Monday, March 26, 2018


Here’s a dream from last night. 

A disused porch is reduced to a passage from the kitchen at the rear of the house to the yard; we rarely play there any more. There’s not much of the house that I’ve ever known, just the kitchen, though I know it well. My brother G is excited for a party at the house tonight. The party is soon and I’m anxious. I can see that no preparations have been made, and the house is fragile and worn, barely standing.  People shouldn’t come here. They should go elsewhere.

The kitchen is clean and presentable. I stand in its door looking at the mess on the porch. For the party, we can just close the door, but that would block access to the yard, and it’s better to have people outside the house. I start to move broken furniture and withered plants to open a path. The junk can be pushed aside so no one thinks to bother it or explore beyond it.

I find a ball of flowers on a strand. It occurs to me that I can unravel the ball and drape the strand over the junk, making it look deliberate, like a festive ruin. My mom is at the kitchen door, saying this is right, that’s how it used to be done. I’m angry and bothered. Let’s not think this can be fixed, I think, only made a temporary passage. It’s still a bad idea that people are coming.

My brother pushes into the porch, making his way to a sink in a corner near the yard, disrupting piles as he does so. He wants to wash up and brush his teeth. He’s oblivious to disrupting my tasks. I’m annoyed but keep it to myself. I’ll wait until he’s done to resume. He’s using a complicated electric toothbrush that is filthy, its parts stored on a plywood shelf more suited to a garden shed. He’s talking over his shoulder, excited about the party.

In the corner, I see a small toilet with water in a disgusting bowl. The seat is partially covered by a glass shelf holding a withered plant. I think that I could cover the shelf with more junk so no one sees the filth or tries to use the toilet, but I find myself moving the pot to clean the shelf and the toilet bowl. It’s not useful but at least it doesn’t look repulsive. My brother lifts a foot into the bowl and flushes, repeating to wash both feet. Now I think I should removed the glass shelf so those who use it won’t be injured. Someone standing could piss into the small space left by the shelf, but no seated person could use it. A woman, oblivious to me, sits on the shelf and uses her fingers to direct her stream into the space. I think, well, if that’s good enough for her, it’s good enough for me.

My brother and the woman leave. I clean up after them, resenting the extra work. A friend of my mom’s sees me cleaning the parts of my brother’s toothbrush and offers to give me a new one. I resent her intrusion but reply politely that I don’t need a new one, I’m only cleaning an old one. She replies that I need one as well. I take it, thanking her, and return to my task. She suggests I try out her gift. I begrudgingly examine it before admitting that I don’t understand the attachments. She shows me how it’s used and, I admit, it’s nice to use. Only now I need to clean the shelf, which I had intended to skip. I try to group the items I find: toothbrush components, shoeshine kit, sewing items.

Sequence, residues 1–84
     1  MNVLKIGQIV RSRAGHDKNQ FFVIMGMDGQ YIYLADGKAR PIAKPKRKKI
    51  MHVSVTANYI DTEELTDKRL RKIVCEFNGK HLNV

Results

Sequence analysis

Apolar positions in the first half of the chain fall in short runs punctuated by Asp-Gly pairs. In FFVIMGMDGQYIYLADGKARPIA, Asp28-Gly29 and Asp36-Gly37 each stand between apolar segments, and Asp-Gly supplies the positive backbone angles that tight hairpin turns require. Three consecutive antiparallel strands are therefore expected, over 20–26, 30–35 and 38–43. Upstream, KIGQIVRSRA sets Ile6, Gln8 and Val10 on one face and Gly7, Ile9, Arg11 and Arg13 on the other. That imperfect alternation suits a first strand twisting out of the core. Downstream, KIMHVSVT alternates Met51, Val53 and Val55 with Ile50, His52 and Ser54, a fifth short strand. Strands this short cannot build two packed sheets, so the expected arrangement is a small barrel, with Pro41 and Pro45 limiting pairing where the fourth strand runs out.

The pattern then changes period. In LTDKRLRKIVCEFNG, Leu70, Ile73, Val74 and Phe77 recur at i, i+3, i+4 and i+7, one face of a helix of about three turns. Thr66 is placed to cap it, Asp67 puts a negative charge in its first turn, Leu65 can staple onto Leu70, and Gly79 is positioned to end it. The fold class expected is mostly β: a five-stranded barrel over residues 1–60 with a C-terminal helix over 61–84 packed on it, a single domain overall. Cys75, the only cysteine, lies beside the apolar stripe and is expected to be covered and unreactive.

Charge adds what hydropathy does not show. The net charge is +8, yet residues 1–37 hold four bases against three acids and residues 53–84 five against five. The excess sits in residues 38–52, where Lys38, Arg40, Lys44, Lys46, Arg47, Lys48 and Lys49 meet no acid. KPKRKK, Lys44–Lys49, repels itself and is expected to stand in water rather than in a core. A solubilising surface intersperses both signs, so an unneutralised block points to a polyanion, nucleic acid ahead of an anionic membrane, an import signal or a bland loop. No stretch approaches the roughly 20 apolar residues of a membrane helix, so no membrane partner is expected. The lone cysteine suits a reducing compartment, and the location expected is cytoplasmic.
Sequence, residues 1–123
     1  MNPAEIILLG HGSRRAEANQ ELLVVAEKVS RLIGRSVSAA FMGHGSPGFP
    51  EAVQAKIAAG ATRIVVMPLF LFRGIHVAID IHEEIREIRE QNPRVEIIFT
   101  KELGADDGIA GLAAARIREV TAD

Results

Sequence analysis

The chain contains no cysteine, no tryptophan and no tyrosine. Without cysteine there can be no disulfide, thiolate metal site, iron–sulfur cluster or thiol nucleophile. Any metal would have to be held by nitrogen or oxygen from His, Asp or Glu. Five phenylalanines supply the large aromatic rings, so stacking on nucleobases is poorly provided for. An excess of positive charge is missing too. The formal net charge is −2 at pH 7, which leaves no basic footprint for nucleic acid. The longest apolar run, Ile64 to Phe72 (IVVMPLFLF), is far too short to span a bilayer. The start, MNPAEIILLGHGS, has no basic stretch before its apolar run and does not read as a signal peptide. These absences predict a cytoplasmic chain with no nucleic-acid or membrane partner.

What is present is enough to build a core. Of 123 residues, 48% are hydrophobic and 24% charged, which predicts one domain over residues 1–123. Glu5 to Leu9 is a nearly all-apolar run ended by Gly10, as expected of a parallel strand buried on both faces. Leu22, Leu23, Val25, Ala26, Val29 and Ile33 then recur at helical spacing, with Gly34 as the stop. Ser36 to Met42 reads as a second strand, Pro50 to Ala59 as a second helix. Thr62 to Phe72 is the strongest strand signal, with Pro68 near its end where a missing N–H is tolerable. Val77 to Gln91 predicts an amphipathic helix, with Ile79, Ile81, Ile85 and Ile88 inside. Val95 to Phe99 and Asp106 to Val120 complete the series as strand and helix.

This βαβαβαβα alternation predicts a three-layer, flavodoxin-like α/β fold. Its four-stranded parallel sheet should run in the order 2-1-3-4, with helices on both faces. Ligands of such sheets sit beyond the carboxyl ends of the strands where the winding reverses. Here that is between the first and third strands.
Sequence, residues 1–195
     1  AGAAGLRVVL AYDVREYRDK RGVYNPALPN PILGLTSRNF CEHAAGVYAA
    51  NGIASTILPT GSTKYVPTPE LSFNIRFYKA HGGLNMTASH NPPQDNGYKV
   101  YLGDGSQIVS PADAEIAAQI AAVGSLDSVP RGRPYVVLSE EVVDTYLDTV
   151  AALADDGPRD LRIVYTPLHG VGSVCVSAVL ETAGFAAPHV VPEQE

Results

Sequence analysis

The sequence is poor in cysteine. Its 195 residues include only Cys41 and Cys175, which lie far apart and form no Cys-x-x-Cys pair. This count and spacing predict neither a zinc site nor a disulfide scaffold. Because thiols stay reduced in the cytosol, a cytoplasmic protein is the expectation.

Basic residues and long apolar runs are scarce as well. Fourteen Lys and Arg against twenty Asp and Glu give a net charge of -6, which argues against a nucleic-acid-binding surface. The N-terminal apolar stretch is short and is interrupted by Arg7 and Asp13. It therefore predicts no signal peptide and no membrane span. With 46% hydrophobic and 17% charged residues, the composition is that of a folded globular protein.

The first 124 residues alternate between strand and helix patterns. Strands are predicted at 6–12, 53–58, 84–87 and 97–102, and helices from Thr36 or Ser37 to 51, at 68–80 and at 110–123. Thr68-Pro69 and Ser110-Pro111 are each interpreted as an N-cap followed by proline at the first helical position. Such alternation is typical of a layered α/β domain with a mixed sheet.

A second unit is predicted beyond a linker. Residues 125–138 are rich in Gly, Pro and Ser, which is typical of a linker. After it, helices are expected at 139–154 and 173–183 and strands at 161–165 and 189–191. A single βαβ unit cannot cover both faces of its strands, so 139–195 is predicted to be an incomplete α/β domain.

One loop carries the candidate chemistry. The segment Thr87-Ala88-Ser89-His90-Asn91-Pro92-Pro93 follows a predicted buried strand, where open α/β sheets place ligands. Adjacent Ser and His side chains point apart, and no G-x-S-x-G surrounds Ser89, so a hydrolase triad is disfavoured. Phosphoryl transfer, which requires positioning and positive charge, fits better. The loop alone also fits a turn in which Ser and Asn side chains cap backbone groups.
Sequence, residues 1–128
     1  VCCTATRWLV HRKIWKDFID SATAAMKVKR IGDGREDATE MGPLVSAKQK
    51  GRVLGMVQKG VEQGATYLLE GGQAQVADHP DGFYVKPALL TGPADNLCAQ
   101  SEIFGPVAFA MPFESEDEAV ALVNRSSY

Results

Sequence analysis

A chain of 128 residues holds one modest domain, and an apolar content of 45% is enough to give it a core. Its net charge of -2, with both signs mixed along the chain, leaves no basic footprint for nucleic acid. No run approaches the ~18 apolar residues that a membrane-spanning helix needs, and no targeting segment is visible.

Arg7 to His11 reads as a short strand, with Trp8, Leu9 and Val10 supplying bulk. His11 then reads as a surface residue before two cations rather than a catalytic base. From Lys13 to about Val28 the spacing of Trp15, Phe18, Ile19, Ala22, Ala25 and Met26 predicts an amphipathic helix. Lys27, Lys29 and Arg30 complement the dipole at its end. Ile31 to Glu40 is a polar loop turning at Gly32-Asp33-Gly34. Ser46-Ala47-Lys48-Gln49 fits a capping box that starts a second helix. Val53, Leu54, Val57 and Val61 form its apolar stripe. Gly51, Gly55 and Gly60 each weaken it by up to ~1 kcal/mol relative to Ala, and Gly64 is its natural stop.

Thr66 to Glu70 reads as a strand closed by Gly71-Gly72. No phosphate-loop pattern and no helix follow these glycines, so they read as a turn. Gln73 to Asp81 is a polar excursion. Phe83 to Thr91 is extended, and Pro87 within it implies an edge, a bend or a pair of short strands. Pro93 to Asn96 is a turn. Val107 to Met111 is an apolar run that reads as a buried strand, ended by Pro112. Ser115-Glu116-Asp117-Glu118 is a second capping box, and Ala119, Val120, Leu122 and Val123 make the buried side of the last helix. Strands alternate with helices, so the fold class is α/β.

People wander into the porch as I clean. A large man in black pants and a cheap white shirt looks around. I know he is providing security for the party and I feel love for him; still, I want him to move on. Hearing a noise in the yard, he pulls out a handgun, pointing it into the darkness. I’m annoyed that his will keep him on the porch. The noise is revealed to be children playing in a field beyond the yard. The man puts away his gun.

I move to the next corner, crowded with untended plants. Two kids in fairy costumes join me. I move them away from fragile, dry plants, offering them a narrative detour in their play, indicating another area where they can explore. (This is the only interaction I initiate in the dream.) I notice a small sprig and move away some weeds to plant it. Now I’m weeding the pots and sweeping up around them.

I remember the strand of flowers, still a ball attached to the parts I’ve already draped. I return to lifting it over potted trees. The lower leaves are just about my head; above are spindly dead branches. Mom returns to the door behind me with friends. They encourage me to lift the strands over the dead branches, reminding me that this is how it used to be done. I feel another surge of anger. I can’t make this how it was or better it, I can only make it more passable. Still, I stretch to raise the stands higher and see that it does look nice.   

The kids are playing in the yard. I can hear guests talking and laughing in the kitchen behind me. I’m alone surveying the porch. I’ve tidied it completely. Nothing new or fancy, just clean, lived in, cared for. My brother joins me, happy. He tells me I’ve done a good job, adding he’d never before noticed that the floor slanted. Of course not, I think: no one had ever bothered with upkeep so no one has seen this space in our lifetimes. There’s nothing I can do about the sloping floor, I think, as though to a rebuke. Anyway, I like the way it sags. As my satisfaction in the completed tasks gives way once more to anger, I decide to wake up, though I’ll miss the party. 

Waking, I remain in bed, eyes closed, revisiting the dream, holding the anger and then letting it go. I reflect on these words: let go of the things people take from you.  

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